The key aspects of this process
- It will take a long time
- Until then we will experience deflationary forces
- No rising inflation, let alone hyperinflation
- Most important, we are in the fourth wave of a cycle
- The most serious risk: a large policy error
(1) It will take a long time
It will run until the excess household debt is worked off. That is, paid down, defaulted, shifted to somebody else (e.g., socialized) or inflated away.
- A picture of the post-WWII debt supercycle, 26 September 2008
- Important: Debt – the core problem of this financial crisis, which also explains how we got in this mess, 22 October 2008
(2) Until then we will experience deflationary forces.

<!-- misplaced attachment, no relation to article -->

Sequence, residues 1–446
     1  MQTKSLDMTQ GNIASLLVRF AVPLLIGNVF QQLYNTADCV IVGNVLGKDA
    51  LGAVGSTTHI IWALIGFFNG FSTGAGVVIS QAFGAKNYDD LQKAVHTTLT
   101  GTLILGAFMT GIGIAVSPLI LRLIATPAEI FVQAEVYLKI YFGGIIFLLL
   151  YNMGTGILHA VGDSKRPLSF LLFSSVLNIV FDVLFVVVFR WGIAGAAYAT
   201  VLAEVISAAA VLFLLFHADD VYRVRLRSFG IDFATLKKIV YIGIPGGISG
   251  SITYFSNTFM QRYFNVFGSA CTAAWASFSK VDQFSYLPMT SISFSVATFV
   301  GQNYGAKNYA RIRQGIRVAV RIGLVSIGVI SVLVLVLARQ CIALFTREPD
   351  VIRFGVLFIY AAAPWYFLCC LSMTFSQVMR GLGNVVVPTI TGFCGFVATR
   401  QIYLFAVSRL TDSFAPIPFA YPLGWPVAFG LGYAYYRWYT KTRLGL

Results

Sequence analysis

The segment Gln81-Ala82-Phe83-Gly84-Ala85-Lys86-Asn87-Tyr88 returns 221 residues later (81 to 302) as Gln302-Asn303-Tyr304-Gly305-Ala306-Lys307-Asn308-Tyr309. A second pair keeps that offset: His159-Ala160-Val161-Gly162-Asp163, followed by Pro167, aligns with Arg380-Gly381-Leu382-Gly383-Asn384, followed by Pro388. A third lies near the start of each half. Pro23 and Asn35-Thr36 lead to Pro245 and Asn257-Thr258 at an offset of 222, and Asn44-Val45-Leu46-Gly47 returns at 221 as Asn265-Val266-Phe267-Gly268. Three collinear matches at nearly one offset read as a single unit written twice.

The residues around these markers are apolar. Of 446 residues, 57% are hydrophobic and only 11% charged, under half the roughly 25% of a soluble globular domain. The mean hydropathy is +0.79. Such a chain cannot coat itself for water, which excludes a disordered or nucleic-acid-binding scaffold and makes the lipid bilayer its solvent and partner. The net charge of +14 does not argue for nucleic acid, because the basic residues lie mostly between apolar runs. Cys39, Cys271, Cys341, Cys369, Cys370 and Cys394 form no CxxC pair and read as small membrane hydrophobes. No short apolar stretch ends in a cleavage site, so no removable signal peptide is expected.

- Important: The geopolitics of inflation, an introduction, 17 June 2008 — Rising energy & food prices are deflationary today.
- The Coming Global Stag-Deflation (Stagnation/Recession plus Deflation), 28 October 2008
- Economic theory as a guiding light for government action in this crisis, 10 March 2009 — Some economists of the Austrian school correctly understood this cycle
- All about deflation, the quiet killer of modern economies, 19 July 2010
(3) No rising inflation, let alone hyperinflation
Despite the hysteria of the inflationistas, we will not see rising inflation let alone hyperinflation. Since they are blinded by their ideology, they will continue to issue monthly warnings about the real soon coming apocalypse.
- Can Obama turn America into something like Zimbabwe?, 22 February 2010
- The Fed is not wildly printing money, as yet no hyperinflation, we’re not becoming Zimbabwe, 2 March 2010
- Why the U.S. cannot inflate its way out of debt, 15 March 2010